When Are HOA Fees Tax Deductible?
In the US, there is a high chance that any home you buy will be inside an HOA. This means you are co-owner of the neighborhood and pay an extra monthly fee for neighborhood upkeep. The far less neighborly side-effect is that you are also subject to HOA fines for neighborhood violations - like choosing the wrong style fence or landscaping design.
HOA fees are notorious, both for increasing the cost of living and adding stress to your life. But ? One of the best ways to look on the bright side of a situation is whether it saves you money in the long run. It's true that in some circumstances, HOA monthly fees can be tax-deductible. But fines are not. DoNotPay can help you navigate HOA legal and financial obstacles, from unwanted fines to when you can get a nice tax deduction from your HOA fees.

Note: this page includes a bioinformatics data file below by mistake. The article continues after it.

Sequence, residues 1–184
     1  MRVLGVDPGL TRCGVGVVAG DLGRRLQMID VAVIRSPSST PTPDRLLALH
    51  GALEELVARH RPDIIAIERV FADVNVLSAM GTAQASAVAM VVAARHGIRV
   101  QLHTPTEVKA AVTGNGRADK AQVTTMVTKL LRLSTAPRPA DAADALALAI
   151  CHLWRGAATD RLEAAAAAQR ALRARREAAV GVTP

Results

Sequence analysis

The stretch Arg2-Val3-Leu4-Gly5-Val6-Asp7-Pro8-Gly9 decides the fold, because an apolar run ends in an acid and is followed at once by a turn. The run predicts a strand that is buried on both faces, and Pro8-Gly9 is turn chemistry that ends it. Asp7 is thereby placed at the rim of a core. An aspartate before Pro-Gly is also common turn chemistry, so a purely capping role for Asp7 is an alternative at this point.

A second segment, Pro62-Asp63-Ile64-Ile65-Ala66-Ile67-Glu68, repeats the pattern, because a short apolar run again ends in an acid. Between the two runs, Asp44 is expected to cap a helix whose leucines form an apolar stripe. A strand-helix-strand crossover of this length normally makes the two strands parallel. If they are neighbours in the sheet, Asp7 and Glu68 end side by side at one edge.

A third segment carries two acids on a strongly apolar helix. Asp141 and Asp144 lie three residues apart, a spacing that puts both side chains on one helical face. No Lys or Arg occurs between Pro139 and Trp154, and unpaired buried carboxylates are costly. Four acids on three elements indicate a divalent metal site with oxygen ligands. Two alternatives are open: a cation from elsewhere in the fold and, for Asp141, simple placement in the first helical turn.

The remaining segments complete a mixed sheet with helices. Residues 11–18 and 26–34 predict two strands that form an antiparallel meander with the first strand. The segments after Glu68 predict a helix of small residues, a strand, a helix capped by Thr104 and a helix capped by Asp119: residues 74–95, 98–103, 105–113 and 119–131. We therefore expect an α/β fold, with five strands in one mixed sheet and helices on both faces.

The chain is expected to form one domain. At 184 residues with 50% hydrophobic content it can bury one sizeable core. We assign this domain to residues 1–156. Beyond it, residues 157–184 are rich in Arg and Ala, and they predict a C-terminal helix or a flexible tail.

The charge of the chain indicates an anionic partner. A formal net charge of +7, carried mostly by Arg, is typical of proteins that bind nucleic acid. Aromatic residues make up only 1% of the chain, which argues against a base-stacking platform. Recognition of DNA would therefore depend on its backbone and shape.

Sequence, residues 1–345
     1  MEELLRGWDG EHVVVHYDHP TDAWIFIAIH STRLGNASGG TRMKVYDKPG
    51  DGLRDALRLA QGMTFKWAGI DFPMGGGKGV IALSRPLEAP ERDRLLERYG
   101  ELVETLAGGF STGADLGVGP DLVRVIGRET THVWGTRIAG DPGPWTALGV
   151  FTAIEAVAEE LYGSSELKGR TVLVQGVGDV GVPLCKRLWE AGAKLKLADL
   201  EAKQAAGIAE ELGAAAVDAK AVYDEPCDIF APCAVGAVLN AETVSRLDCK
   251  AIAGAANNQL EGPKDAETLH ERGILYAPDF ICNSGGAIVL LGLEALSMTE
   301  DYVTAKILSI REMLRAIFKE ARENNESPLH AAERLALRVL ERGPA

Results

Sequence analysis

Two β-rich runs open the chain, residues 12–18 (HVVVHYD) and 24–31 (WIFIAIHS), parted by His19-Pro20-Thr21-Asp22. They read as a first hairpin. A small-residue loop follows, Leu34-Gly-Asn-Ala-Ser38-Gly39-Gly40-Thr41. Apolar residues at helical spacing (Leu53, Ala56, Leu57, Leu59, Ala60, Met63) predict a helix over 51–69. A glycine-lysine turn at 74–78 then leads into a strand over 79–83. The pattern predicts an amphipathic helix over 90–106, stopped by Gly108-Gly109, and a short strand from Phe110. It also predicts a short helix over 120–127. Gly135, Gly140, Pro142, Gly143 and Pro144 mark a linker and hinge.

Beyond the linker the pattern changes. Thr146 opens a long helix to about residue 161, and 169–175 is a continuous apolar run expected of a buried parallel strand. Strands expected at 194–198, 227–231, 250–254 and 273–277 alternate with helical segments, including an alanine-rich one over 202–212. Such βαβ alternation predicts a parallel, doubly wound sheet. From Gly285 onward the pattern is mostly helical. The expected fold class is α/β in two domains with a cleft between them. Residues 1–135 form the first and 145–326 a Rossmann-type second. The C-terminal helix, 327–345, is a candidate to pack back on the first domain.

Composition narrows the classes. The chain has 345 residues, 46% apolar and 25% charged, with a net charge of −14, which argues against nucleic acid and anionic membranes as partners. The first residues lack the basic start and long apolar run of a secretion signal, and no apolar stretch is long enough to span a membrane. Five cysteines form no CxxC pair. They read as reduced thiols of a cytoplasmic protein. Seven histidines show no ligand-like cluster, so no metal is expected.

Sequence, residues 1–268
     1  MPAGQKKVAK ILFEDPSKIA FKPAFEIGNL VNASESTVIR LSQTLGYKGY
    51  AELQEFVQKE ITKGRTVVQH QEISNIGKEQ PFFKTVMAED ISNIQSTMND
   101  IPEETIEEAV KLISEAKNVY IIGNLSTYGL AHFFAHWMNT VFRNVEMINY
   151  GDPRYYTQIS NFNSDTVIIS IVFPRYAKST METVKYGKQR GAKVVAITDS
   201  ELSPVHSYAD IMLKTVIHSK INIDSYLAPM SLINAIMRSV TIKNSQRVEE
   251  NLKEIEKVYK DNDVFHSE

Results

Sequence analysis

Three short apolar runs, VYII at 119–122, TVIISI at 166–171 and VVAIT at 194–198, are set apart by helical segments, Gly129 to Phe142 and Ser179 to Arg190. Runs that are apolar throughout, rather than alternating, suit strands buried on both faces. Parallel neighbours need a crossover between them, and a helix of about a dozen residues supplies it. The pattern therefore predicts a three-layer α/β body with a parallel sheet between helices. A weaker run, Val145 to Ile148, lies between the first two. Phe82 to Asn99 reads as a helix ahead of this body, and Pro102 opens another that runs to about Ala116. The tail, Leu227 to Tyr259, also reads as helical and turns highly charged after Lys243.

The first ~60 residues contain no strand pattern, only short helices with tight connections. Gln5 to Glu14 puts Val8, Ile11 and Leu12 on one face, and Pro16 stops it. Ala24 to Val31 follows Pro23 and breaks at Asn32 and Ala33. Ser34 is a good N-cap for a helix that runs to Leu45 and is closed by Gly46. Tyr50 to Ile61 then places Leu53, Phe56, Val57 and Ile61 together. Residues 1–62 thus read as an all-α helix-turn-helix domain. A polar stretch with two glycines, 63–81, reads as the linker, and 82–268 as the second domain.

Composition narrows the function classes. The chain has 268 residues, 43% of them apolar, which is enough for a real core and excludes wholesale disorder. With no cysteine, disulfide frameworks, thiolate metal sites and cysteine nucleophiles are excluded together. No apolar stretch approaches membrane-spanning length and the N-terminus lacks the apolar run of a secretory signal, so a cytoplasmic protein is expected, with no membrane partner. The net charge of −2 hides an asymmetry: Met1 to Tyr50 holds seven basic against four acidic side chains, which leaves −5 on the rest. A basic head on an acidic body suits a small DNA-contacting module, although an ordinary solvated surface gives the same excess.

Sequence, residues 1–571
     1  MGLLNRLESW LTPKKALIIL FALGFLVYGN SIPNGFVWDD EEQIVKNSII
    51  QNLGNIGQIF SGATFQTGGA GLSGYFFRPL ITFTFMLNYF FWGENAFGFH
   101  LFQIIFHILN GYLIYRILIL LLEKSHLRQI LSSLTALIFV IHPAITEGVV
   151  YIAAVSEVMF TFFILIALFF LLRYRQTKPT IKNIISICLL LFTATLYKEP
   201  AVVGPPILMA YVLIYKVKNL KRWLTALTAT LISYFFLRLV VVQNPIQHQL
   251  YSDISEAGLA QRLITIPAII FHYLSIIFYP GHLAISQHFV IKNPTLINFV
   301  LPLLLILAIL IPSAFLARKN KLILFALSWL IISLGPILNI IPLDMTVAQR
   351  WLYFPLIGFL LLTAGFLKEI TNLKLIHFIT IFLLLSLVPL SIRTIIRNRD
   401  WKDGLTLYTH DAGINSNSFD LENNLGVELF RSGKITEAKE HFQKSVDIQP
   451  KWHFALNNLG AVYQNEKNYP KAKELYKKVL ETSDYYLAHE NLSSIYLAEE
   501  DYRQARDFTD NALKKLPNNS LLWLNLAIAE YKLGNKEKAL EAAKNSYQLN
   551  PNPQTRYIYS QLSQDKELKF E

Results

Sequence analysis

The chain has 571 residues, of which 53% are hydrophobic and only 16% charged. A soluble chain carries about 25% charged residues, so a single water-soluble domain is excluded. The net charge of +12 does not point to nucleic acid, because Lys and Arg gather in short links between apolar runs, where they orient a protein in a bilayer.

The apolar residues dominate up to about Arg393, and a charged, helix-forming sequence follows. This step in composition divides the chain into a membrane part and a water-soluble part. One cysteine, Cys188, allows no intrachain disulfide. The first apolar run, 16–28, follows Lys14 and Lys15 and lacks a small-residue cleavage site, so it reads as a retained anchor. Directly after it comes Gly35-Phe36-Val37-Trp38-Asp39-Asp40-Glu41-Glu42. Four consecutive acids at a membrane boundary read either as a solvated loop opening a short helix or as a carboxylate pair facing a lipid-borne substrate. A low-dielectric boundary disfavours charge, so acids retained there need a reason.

How HOA Fees Work
There are two types of HOA fees: dues and fines. When you buy a home in an HOA, you are also buying some stake in the neighborhood. All the homeowners also own the park, pool, clubhouse, etc; and pay an ideally modest amount each year to upkeep nice neighborhood features. These costs are covered in regular dues, special assessments, and sometimes, the income from code violation fines.
|Monthly and/or Annual HOA Dues||Monthly or annual HOA dues are a lot like property taxes but on a smaller scale. You pay a percentage of the annual upkeep along with other homeowners to keep the tennis courts and the pool in good condition year on year. Your regular dues can be tax-deductible under the right circumstances. Special assessments are less likely to be tax-deductible due to their purpose-exclusive nature.|